Trade preferences. Most developing countries have preferential access to industrial country markets. This departure from the traditional nondiscrimination principle of the GATT has been sanctioned under the Generalized System of Preferences (GSP). In 2001, some 15 such schemes were in effect.
The benefits of many GSP schemes have been limited, however. Although they lower tariffs for exports from many low-income countries, they also divert trade from other countries that are often just as poor. In addition, preference margins are usually smaller for sensitive products, which enjoy the greatest protection, and the fact that a large number of countries—often with similar export structures—benefit from preference schemes reduces any competitive advantage the schemes might convey. (EU preferential trade now covers all but nine countries, though these account for over 40 percent of EU imports.) Preferential tariffs may be costly for their beneficiaries because they are contingent on the imposition and monitoring of rules of origin or of social and environmental conditions. Moreover, evidence suggests that GSP schemes may undermine incentives to engage in trade liberalization and thus perpetuate antiexport biases.
However, recent initiatives like the EU's Everything But Arms initiative—which grants duty- and quota-free market access to LDCs for all products except arms and ammunition (bananas, rice, and sugar will be liberalized gradually)—seem to offer the prospect of additional benefit at a fairly low cost in terms of trade diversion, because LDCs account for a mere 0.5 percent of world trade (provided that the rules of origin, which determine how much value added has to come from the exporting country, are liberal). Simulation results suggest that, if such conditions were offered by all Quad countries, exports from LDCs might increase by $2.5 billion, or about 11 percent (Hoekman and others, 2001). The United States has taken one step in this direction with the African Growth and Opportunity Act (AGOA) of 2000, which nonetheless maintains a number of restrictions, such as tight rules of origin and other conditions for eligibility that many African LDCs have found difficult to meet.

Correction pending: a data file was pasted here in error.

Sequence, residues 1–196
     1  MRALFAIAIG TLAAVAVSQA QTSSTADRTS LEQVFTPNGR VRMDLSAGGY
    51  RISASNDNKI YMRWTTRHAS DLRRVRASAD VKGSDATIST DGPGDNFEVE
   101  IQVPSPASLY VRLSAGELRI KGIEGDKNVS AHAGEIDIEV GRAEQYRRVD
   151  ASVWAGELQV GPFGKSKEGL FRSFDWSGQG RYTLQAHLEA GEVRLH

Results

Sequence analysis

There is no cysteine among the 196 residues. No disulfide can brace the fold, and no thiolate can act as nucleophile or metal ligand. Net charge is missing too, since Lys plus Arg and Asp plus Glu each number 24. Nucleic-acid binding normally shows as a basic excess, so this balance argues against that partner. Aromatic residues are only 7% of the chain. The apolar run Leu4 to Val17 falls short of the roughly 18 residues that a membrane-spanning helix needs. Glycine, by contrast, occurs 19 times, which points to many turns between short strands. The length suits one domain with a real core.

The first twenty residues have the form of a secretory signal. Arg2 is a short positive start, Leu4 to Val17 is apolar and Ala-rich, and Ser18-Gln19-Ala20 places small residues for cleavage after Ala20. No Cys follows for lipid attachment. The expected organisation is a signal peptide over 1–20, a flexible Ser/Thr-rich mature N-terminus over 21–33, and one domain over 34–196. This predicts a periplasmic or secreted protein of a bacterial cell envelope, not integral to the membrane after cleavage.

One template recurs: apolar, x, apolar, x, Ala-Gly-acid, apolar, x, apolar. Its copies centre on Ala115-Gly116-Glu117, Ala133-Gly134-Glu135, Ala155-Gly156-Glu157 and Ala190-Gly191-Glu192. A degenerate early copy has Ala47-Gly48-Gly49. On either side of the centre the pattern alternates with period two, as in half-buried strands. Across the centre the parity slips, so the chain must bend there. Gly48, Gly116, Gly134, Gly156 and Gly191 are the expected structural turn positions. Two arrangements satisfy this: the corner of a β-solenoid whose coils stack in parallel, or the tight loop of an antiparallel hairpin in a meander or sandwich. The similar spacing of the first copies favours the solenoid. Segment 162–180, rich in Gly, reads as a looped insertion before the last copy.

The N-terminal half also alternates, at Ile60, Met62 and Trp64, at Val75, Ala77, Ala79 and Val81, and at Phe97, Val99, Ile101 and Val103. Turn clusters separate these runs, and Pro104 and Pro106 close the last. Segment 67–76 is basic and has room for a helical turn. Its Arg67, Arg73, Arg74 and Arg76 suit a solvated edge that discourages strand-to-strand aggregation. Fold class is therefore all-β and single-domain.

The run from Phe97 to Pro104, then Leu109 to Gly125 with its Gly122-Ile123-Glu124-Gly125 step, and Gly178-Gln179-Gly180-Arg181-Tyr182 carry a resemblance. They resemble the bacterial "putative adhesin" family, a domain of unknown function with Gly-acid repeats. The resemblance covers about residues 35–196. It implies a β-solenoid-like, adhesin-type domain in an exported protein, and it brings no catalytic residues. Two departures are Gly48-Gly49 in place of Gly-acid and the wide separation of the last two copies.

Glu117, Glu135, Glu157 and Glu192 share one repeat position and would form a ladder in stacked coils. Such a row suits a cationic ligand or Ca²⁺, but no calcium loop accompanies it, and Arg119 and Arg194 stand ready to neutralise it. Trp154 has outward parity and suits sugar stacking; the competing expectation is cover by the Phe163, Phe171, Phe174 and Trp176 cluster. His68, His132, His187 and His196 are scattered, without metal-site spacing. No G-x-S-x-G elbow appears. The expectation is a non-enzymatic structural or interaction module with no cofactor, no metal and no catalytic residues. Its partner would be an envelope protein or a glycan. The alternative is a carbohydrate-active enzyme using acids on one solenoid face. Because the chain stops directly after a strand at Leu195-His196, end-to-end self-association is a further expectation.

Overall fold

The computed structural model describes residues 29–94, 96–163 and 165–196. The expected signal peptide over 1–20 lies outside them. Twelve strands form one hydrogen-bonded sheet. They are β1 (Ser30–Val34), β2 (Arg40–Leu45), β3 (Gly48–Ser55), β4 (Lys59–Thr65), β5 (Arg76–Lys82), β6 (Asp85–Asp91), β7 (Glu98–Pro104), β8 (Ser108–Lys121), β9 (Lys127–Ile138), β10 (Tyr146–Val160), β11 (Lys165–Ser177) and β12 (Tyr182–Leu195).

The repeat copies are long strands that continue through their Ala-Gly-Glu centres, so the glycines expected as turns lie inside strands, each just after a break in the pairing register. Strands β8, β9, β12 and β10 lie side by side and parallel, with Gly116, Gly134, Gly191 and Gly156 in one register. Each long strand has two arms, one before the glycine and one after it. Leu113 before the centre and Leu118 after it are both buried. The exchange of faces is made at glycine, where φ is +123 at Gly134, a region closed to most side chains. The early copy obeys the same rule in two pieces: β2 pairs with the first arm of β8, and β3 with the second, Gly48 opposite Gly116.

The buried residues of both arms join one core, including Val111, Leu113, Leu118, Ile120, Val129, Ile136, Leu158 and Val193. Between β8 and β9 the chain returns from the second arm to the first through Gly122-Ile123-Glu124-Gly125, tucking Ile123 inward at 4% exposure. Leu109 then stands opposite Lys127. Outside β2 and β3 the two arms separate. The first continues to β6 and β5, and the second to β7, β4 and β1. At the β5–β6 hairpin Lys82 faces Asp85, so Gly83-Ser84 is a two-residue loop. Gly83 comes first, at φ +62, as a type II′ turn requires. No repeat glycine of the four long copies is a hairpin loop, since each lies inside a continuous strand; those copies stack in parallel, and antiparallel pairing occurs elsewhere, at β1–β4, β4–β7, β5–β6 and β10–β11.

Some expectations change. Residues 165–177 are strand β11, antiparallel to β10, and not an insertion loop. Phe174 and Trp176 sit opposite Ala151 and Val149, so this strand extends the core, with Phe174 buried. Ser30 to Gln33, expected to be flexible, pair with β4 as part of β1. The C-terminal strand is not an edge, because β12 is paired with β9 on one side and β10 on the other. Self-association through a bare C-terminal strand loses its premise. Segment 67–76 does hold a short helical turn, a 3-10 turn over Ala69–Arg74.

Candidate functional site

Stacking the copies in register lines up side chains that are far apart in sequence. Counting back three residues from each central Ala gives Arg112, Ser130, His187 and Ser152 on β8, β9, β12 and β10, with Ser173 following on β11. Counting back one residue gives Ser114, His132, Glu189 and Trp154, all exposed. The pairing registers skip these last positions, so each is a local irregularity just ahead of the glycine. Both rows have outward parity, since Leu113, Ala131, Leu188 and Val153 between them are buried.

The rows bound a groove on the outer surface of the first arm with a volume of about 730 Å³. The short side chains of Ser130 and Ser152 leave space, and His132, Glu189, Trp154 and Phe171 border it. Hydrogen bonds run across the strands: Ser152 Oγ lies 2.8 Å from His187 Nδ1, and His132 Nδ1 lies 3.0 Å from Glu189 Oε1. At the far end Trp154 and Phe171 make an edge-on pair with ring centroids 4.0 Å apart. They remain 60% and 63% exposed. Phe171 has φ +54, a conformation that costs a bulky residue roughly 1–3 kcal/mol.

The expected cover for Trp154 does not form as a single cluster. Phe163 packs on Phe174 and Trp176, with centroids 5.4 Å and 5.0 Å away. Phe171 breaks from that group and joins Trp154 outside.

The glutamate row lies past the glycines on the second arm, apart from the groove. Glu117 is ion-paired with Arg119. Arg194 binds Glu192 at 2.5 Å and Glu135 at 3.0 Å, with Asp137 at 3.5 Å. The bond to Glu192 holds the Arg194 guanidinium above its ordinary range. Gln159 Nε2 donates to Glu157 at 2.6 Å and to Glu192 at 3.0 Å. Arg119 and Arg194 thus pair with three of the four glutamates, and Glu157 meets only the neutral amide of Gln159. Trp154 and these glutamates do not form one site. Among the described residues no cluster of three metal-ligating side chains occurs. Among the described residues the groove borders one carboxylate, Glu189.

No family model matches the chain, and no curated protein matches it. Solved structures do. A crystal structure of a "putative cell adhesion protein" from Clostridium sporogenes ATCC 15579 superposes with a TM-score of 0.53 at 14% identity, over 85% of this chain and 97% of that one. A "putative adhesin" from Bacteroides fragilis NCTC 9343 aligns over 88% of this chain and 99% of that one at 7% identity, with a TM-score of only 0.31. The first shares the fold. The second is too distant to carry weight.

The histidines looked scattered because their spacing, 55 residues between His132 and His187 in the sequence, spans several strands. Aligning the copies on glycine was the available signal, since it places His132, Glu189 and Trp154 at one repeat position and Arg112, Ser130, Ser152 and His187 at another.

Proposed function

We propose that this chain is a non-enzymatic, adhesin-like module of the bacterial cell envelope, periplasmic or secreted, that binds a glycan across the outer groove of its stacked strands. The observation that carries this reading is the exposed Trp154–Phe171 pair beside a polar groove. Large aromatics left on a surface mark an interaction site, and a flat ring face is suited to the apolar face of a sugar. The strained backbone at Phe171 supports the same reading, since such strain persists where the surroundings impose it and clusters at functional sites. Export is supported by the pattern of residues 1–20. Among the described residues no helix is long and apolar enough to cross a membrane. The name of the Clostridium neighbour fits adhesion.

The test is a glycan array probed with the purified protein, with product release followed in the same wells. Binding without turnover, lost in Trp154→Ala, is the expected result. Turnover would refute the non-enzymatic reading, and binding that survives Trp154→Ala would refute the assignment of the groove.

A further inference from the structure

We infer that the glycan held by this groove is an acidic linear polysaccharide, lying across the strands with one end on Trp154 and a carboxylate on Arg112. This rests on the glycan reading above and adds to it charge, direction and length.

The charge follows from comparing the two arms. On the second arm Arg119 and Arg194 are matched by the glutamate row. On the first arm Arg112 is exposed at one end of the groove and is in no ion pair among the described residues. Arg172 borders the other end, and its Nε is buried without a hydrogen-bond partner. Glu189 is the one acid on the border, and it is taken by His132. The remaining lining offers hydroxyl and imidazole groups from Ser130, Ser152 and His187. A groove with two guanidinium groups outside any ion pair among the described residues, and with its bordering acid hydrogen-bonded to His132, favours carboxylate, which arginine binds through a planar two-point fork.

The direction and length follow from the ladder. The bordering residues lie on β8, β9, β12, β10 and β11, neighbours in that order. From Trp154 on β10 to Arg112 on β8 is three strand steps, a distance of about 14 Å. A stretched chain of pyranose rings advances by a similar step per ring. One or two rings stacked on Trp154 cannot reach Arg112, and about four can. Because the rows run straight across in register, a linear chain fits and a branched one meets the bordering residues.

Preference schemes are not a long-term solution. There is a danger they may be seen as a substitute for broader liberalization or even turn into an obstacle to it by creating vested interests in the status quo. They should therefore be set firmly within a context of rapid multilateral liberalization.